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 November 18th, 2013, 06:03 PM #1 Senior Member   Joined: Oct 2010 From: Changchun, China Posts: 492 Thanks: 14 In what situation frac of limits equals to limit of frac? I mean , or November 18th, 2013, 06:12 PM #2 Senior Member   Joined: Oct 2010 From: Changchun, China Posts: 492 Thanks: 14 Re: In what situation frac of limits equals to limit of fr Of course, we have to suppose that limit of g(x) exists when x goes to a rational number 'a' or infinity but it never goes to zero!  November 18th, 2013, 06:29 PM #3 Senior Member   Joined: Oct 2010 From: Changchun, China Posts: 492 Thanks: 14 Re: In what situation frac of limits equals to limit of fr A Chinese physicist argued with me days ago. He believes that . I said :"you're freakin me out, because any mathematical analysis textbook will never ever teach that. is indetermined, and you can never tell how fast the x's in numerator and denominator go to infinity!" Of course, as he said, I go to hell  November 18th, 2013, 07:49 PM #4 Global Moderator   Joined: Oct 2008 From: London, Ontario, Canada - The Forest City Posts: 7,982 Thanks: 1166 Math Focus: Elementary mathematics and beyond Re: In what situation frac of limits equals to limit of fr The limit laws aren't much help in determining the limit but I believe what he says is correct. I'm sure there is a warm spot for me down there as well.  November 18th, 2013, 08:26 PM   #5
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Re: In what situation frac of limits equals to limit of fr

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 Originally Posted by greg1313 The limit laws aren't much help in determining the limit but I believe what he says is correct. I'm sure there is a warm spot for me down there as well. If g(n) is a Cauchy sequence and we taking it as the denominator that never goes to zero, I believe the conclusion is true. Cuz the limit operation results to a real number.But infinity divides infinity, seriously? November 18th, 2013, 11:13 PM   #6
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Re: In what situation frac of limits equals to limit of fr

f(x): R --> R
g(x): R --> R

1) Suppose there is an epsilon such that g(x)<>0 if x in (a-epsion,a+epsilon) interval and and lim g(x)<>0. Then
f converges to a real number <--> lim f / lim g = lim f/g.
f diverges to +inf <--> f/g diverges to +inf
f divergent <--> f/g divergent

2) Suppose there is an epsilon such that g(x)<>0 if x in (a-epsion,a+epsilon) interval and lim g(x)=0.
Then lim f/g can exist and can not exist, can converge to any real number or to +/-inf.
lim f / lim g is undefined, becasuse divived by zero.

3) Suppose lim f = lim g = + inf. Then lim f/g can exist or can not exist. Lim f/g can converge to +inf or any non-negative real, but not to negative real.
lim f / lim g is undefined, becasuse division is defined (by definition) on real numbers.
An example when lim f/g doesn't exist:
g(x) = 1/abs(x-a)
f(x) = 1/abs(x-a) if x is rational, 2/abs(x-a) if x is irrational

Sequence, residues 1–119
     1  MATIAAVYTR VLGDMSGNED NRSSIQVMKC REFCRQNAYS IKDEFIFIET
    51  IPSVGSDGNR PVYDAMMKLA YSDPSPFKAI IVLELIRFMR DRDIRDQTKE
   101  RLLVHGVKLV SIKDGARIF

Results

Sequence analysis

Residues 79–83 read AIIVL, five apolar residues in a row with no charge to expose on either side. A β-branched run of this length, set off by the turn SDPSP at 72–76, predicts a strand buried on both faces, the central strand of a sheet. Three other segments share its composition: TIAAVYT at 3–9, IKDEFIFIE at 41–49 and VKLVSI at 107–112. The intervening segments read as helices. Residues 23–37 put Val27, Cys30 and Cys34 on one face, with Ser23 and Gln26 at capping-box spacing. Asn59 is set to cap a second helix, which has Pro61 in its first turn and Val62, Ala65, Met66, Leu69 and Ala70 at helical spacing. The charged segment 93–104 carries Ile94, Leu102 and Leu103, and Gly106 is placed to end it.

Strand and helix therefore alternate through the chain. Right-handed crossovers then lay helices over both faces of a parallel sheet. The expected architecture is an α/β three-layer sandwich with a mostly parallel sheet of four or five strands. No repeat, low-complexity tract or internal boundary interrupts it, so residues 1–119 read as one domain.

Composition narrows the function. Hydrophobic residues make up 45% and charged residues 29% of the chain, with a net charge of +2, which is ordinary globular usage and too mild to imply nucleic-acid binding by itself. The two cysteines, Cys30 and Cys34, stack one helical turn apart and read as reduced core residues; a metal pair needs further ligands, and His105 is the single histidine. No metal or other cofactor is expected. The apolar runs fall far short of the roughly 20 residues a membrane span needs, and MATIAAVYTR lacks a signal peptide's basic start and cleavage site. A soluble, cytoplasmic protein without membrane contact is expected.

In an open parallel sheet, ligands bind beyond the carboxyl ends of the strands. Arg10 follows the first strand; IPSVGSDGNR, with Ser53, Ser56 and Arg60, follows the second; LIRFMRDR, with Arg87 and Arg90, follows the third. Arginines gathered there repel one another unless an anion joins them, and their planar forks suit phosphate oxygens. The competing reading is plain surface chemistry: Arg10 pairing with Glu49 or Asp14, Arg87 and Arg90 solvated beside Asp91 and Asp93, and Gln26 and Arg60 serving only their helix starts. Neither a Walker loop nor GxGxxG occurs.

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Again, inf/inf doesn't make sense regarding as a fraction, because you can only divide a real number by a real number. Therefore the equation (the first) is incorrect. November 19th, 2013, 01:48 PM   #7
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Re: In what situation frac of limits equals to limit of fr

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 Originally Posted by stainburg A Chinese physicist argued with me days ago. He believes that . I said :"you're freakin me out, because any mathematical analysis textbook will never ever teach that. is indetermined, and you can never tell how fast the x's in numerator and denominator go to infinity! Of course, as he said, I go to hell Then you do not know what "undetermined" (or "indeterminate") means. has both numerator and denominator going to infinity so is "indeterminate". But it should be obvious, even to you, that . November 19th, 2013, 03:14 PM   #8
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Re: In what situation frac of limits equals to limit of fr

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 Originally Posted by HallsofIvy Then you do not know what "undetermined" (or "indeterminate") means. has both numerator and denominator going to infinity so is "indeterminate". But it should be obvious, even to you, that .
So, you suppose me never go to the college. What would you call infinity/infinity? November 19th, 2013, 04:00 PM   #9
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Re: In what situation frac of limits equals to limit of fr

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 Originally Posted by csak Again, inf/inf doesn't make sense regarding as a fraction, because you can only divide a real number by a real number. Therefore the equation (the first) is incorrect.
Thanks for the answer. I believe inf/inf doesn't make sense, too. Another question: how about DiracDelta(0)/DiracDelta(0) ? This truly confuses me  November 19th, 2013, 06:35 PM #10 Math Team   Joined: Jul 2011 From: North America, 42nd parallel Posts: 3,372 Thanks: 234 Re: In what situation frac of limits equals to limit of fr What if you do this ? Since  Tags equals, frac, limit, limits, situation Thread Tools Show Printable Version Email this Page Display Modes Linear Mode Switch to Hybrid Mode Switch to Threaded Mode Similar Threads Thread Thread Starter Forum Replies Last Post yogazen2013 Calculus 2 October 5th, 2013 09:44 AM jpanderson8 Calculus 1 September 26th, 2013 10:45 AM sivela Calculus 1 April 26th, 2010 05:53 PM oddlogic Linear Algebra 6 January 29th, 2010 09:55 AM Yegreg Number Theory 1 December 3rd, 2007 08:33 PM

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